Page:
According an article in the journal Nature, efforts to curb the spread of coronavirus mean that the planet itself is moving a little less, which could “allow detectors to spot smaller earthquakes and boost efforts to monitor volcanic activity and other seismic events”.

Vibrations caused by moving vehicles and industrial machinery produce background noise, which reduces seismologists’ ability to detect other signals occurring at the same frequency.

“A noise reduction of this magnitude is usually only experienced briefly around Christmas,” said Thomas Lecocq, a seismologist with the Royal Observatory of Belgium in Brussels which has observed the drop in seismic noise.

Data from a seismometer at the observatory show that measures to curb the spread of COVID-19 in Brussels caused human-induced seismic noise to fall by about one-third.

In Belgium, scientists report at least a 30 per cent reduction in that amount of ambient human noise since lockdown began there.

The current drop has boosted the sensitivity of the observatory’s equipment, improving its ability to detect waves in the same high frequency range as the noise, said the Nature article.

However, not all seismic monitoring stations will see an effect as pronounced as the one observed in Brussels.

According to Emily Wolin, a geologist at the US Geological Survey in Albuquerque, New Mexico, many stations are purposefully located in remote areas to avoid human noise.

“These should see a smaller decrease, or no change at all, in the level of high-frequency noise they record,” she was quoted as saying.

The fall in noise could also benefit seismologists who use naturally occurring background vibrations, such as those from crashing ocean waves, to probe Earth’s crust.

A fall in human-induced noise could boost the sensitivity of detectors to natural waves at similar frequencies

“There’s a big chance indeed it could lead to better measurements,” said Lecocq.

The reduction in seismic activity, like reduction in air pollution, also show that people are adhering to social distancing guidelines.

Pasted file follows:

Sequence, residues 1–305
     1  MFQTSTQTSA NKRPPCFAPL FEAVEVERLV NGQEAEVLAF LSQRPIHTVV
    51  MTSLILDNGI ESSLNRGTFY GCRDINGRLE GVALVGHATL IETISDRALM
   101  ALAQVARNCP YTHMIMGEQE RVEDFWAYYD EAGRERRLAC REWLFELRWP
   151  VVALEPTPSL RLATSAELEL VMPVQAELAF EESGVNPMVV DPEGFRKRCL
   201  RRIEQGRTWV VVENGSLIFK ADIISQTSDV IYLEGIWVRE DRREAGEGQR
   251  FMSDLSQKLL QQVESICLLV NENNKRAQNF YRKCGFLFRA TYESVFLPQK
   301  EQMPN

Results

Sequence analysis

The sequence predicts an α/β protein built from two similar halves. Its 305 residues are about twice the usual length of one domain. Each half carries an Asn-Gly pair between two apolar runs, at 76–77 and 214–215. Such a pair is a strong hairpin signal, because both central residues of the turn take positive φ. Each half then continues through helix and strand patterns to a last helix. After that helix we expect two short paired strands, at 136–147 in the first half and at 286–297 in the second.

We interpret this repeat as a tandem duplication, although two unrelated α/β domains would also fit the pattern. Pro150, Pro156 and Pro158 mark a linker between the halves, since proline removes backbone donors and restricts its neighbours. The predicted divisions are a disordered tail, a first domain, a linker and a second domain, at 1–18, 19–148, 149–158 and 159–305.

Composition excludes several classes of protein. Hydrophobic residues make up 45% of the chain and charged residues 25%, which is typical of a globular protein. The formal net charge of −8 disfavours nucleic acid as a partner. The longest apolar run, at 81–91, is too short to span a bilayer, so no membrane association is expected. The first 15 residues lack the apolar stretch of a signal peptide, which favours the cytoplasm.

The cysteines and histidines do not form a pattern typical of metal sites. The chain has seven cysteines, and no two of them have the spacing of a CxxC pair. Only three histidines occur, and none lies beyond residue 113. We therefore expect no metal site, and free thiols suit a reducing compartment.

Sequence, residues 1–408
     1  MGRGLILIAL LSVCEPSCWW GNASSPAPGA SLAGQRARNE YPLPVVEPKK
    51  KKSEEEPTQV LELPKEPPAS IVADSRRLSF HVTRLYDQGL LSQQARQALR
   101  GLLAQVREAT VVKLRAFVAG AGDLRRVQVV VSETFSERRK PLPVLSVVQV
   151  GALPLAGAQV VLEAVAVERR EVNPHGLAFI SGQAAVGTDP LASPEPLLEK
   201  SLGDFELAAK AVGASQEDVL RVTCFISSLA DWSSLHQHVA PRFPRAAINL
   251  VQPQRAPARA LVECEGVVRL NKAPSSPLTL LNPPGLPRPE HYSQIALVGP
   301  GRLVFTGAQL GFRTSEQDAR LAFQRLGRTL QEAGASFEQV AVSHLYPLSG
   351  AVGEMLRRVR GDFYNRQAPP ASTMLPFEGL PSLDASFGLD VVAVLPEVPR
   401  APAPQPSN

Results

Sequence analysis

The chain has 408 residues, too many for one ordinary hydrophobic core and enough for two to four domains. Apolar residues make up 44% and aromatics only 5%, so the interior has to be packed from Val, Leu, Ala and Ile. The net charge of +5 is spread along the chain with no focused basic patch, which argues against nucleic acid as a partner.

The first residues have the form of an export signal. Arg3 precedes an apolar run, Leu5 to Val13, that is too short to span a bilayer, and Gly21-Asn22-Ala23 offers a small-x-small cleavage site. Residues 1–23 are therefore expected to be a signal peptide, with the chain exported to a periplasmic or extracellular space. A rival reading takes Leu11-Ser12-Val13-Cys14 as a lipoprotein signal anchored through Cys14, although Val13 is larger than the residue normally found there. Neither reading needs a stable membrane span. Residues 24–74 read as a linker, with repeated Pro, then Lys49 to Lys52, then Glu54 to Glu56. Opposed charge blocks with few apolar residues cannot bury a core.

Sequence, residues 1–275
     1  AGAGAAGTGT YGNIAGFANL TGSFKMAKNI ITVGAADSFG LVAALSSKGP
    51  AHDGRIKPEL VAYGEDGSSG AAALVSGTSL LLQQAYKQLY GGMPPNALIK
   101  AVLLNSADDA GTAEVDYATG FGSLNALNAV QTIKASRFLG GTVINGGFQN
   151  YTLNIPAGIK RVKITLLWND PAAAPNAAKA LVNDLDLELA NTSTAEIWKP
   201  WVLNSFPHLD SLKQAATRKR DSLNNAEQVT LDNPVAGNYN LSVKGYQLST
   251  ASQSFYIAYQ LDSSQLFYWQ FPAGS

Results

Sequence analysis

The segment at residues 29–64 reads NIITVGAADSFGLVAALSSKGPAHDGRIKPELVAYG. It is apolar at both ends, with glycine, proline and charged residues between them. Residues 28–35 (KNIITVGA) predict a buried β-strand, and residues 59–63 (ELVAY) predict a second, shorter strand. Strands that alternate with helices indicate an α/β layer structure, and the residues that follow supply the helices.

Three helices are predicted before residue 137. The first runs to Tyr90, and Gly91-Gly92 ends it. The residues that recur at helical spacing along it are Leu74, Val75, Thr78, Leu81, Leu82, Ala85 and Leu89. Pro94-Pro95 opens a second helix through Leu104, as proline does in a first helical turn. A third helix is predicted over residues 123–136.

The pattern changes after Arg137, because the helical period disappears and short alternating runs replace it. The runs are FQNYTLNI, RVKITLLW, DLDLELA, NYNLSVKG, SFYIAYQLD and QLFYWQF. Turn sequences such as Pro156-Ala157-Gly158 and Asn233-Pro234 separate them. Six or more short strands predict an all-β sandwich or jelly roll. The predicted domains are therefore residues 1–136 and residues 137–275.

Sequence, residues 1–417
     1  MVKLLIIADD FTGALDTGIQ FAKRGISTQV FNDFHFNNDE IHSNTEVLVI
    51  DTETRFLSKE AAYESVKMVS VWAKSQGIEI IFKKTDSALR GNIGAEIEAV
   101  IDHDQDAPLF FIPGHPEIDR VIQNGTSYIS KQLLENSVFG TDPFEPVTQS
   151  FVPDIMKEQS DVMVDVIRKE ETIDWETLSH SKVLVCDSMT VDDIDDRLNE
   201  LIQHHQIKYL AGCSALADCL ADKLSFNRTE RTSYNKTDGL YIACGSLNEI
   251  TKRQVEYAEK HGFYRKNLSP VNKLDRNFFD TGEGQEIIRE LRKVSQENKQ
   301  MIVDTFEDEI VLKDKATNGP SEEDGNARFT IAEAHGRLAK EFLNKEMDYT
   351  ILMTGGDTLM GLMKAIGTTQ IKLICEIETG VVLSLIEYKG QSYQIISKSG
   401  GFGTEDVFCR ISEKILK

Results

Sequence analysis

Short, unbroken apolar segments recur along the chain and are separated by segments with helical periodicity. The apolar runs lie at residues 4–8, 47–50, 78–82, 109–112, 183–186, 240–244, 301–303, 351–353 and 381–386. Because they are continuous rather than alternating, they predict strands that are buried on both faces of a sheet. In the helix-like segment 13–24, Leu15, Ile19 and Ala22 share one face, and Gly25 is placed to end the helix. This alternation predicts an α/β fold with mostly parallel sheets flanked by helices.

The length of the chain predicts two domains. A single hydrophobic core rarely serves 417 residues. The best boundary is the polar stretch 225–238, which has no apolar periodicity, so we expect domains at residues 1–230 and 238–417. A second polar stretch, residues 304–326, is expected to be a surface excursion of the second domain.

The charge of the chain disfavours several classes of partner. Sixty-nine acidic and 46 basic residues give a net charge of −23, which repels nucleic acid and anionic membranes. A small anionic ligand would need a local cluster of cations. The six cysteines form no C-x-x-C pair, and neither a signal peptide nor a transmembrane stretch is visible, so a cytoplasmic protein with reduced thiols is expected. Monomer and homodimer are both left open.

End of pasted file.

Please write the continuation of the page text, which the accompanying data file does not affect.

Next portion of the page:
“From the seismological point of view, we can motivate people to say, ‘OK look, people. You feel like you’re alone at home, but we can tell you that everyone is home. Everyone is doing the same. Everyone is respecting the rules,'” Lecocq told CNN.

–IANS

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Earth's crust is shaking less as people stay home – International Business Times, Singapore Edition

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The COVID-19 lockdowns globally have not only made air breathable or rivers clean but have also resulted in the way our Earth moves, as researchers now report a drop in seismic noise (the hum of vibrations in the planets crust) because transport networks, real estate and other human activities have been shut down.

According an article in the journal Nature, efforts to curb the spread of coronavirus mean that the planet itself is moving a little less, which could “allow detectors to spot smaller earthquakes and boost efforts to monitor volcanic activity and other seismic events”.

Vibrations caused by moving vehicles and industrial machinery produce background noise, which reduces seismologists’ ability to detect other signals occurring at the same frequency.

“A noise reduction of this magnitude is usually only experienced briefly around Christmas,” said Thomas Lecocq, a seismologist with the Royal Observatory of Belgium in Brussels which has observed the drop in seismic noise.

Image for Representational purpose only

Data from seismometer

Data from a seismometer at the observatory show that measures to curb the spread of COVID-19 in Brussels caused human-induced seismic noise to fall by about one-third.

In Belgium, scientists report at least a 30 per cent reduction in that amount of ambient human noise since lockdown began there.

The current drop has boosted the sensitivity of the observatory’s equipment, improving its ability to detect waves in the same high frequency range as the noise, said the Nature article.

However, not all seismic monitoring stations will see an effect as pronounced as the one observed in Brussels.

According to Emily Wolin, a geologist at the US Geological Survey in Albuquerque, New Mexico, many stations are purposefully located in remote areas to avoid human noise.

“These should see a smaller decrease, or no change at all, in the level of high-frequency noise they record,” she was quoted as saying.

The fall in noise could also benefit seismologists who use naturally occurring background vibrations, such as those from crashing ocean waves, to probe Earth’s crust.

A fall in human-induced noise could boost the sensitivity of detectors to natural waves at similar frequencies

“There’s a big chance indeed it could lead to better measurements,” said Lecocq.

The reduction in seismic activity, like reduction in air pollution, also show that people are adhering to social distancing guidelines.

“From the seismological point of view, we can motivate people to say, ‘OK look, people. You feel like you’re alone at home, but we can tell you that everyone is home. Everyone is doing the same. Everyone is respecting the rules,'” Lecocq told CNN.